Abu Dhabi. It is fair to say that Uganda’s medal hopes rest on the shoulders of individual sports, athletics and swimming at the Abu Dhabi Special Olympic Games.
That athletics has one of Uganda’s best upcoming sprinters Jacent Nyamahunge, proves the point.
Having blitzed past her challengers in the first national trials at Namboole, two weeks back, Nyamahunge easily won the 100 and 200m dashes in 12.1 and 24.5 seconds respectively, making her invincible. Atheltics coach Bashir Ssekandi is banking on such solid performances as Uganda goes for a medal hunt.
“I am happy that all athletes are in good shape and we are ready for the games,” Ssekandi said.
The 26-year-old Hassan Zakulabe, who makes his debut at the world stage, is also a medal hopeful in the 25m run.
Zakulabe, who lives with cerebral palsy, is rated by his coach as a competitive athlete.
While hope abounds for the team that also has Elizabeth Birungi as well as Enock Jefferson Mukiibi in the 50m as well as the 100 and 200m runs respectively, Ssekandi cautions of consistency.
“We are in a good mood here and we hope to get medals as long as the athletes maintain their divisioning time.
“I have talked to them and they have assured me that they will do their best,” he said.
Abu Dhabi culture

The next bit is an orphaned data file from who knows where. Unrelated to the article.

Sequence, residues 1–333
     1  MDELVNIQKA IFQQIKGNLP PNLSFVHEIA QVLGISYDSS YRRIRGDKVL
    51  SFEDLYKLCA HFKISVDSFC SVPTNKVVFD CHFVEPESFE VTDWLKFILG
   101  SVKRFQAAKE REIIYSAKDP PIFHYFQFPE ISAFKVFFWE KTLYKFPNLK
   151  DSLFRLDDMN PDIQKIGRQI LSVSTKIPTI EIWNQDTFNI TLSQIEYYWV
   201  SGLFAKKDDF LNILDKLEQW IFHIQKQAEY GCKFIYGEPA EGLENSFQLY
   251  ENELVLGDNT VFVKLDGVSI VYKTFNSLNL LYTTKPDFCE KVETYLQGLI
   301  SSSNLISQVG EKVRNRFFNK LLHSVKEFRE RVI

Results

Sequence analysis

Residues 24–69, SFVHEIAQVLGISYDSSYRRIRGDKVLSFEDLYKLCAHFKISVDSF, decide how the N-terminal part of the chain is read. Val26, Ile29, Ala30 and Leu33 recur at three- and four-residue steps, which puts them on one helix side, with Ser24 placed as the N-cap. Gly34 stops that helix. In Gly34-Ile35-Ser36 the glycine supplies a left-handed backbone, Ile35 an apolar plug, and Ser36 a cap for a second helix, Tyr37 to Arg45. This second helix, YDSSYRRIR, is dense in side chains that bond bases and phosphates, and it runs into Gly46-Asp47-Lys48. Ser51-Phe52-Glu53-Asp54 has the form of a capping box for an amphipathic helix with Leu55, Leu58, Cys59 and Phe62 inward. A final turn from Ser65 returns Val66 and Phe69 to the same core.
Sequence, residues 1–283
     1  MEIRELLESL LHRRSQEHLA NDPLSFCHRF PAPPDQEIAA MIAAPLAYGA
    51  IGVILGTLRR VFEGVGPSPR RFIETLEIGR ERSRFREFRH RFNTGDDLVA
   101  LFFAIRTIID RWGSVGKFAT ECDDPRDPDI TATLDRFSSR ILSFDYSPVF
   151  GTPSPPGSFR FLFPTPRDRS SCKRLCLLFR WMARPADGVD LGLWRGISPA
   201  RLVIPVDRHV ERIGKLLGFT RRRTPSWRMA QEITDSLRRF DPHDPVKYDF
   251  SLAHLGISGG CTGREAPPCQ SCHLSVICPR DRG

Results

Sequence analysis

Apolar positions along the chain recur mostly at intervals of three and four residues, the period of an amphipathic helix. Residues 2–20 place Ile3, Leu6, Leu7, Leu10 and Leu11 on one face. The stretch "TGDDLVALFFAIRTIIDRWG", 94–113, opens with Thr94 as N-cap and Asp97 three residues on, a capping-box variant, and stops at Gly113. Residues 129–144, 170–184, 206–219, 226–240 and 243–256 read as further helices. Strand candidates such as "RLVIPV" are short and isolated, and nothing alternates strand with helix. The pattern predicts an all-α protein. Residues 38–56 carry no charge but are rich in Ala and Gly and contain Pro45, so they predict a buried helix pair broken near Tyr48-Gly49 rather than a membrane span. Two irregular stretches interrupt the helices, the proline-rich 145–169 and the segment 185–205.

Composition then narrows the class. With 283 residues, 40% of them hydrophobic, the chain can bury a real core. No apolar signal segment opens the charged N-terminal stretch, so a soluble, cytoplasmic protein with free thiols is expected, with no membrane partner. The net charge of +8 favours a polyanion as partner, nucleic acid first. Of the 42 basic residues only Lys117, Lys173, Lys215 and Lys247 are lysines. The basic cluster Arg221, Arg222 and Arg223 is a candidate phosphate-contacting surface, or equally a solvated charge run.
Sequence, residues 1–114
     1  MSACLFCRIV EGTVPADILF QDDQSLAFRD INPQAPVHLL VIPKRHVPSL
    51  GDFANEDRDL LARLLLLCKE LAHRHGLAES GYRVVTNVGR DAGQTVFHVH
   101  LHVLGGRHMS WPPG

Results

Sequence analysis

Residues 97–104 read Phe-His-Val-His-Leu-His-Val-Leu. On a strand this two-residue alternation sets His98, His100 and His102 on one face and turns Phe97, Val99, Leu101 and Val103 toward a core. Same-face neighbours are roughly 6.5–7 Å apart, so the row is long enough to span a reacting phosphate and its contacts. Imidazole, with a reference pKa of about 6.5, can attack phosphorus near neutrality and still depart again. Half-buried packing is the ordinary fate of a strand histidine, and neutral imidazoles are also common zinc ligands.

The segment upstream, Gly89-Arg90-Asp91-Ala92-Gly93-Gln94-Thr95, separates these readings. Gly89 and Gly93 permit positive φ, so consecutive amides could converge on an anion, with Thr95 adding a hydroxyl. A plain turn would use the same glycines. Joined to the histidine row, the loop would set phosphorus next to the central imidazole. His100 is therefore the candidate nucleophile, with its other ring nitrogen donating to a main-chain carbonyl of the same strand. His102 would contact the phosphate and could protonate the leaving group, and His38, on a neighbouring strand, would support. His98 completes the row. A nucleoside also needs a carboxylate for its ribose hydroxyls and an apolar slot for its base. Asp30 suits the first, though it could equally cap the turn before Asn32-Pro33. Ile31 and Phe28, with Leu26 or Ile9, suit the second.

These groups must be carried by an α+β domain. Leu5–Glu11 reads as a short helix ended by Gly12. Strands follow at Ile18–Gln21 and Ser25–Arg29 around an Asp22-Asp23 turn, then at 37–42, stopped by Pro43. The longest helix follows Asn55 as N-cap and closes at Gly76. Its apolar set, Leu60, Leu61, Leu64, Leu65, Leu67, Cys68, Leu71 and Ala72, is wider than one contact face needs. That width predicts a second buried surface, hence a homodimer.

Upon arrival in Abu Dhabi the Ugandan team members spent a few days within host town Umm Al Quwain learning about the culture and lifestyle in the UAE. Swimming and athletics teams had a day for simulation yesterday as part of divisioning for the games.
Divisioning is the most unique element of the Special Olympics and continues until today for all sports. It allows athletes the opportunity to compete on an equal playing field as they are matched up with others of the same gender, age and competitive ability.
After A few days of acclimatisation, the opening ceremony will take place in Abu Dhabi today.
For judged or other events that are not timed or measured — such as football, gymnastics, volleyball and badminton — there is a series of short games between athletes for teams to assess each athlete or team’s ability by a committee. The divisions are then set up based on the information on each athlete’s skill level so that each set of competitors is closely matched. There should be no more than a 15 per cent difference between the most highly skilled athlete or team – and the lowest skilled athlete or team in each division.